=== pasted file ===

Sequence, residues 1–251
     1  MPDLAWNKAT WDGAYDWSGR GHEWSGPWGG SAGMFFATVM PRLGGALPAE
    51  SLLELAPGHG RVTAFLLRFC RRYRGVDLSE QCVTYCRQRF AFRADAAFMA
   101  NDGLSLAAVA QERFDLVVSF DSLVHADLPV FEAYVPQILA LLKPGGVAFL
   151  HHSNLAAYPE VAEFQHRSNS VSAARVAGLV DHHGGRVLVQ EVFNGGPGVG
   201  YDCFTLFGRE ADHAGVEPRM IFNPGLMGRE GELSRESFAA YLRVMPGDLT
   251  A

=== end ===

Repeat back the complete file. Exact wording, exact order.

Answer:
Sequence, residues 1–251
     1  MPDLAWNKAT WDGAYDWSGR GHEWSGPWGG SAGMFFATVM PRLGGALPAE
    51  SLLELAPGHG RVTAFLLRFC RRYRGVDLSE QCVTYCRQRF AFRADAAFMA
   101  NDGLSLAAVA QERFDLVVSF DSLVHADLPV FEAYVPQILA LLKPGGVAFL
   151  HHSNLAAYPE VAEFQHRSNS VSAARVAGLV DHHGGRVLVQ EVFNGGPGVG
   201  YDCFTLFGRE ADHAGVEPRM IFNPGLMGRE GELSRESFAA YLRVMPGDLT
   251  A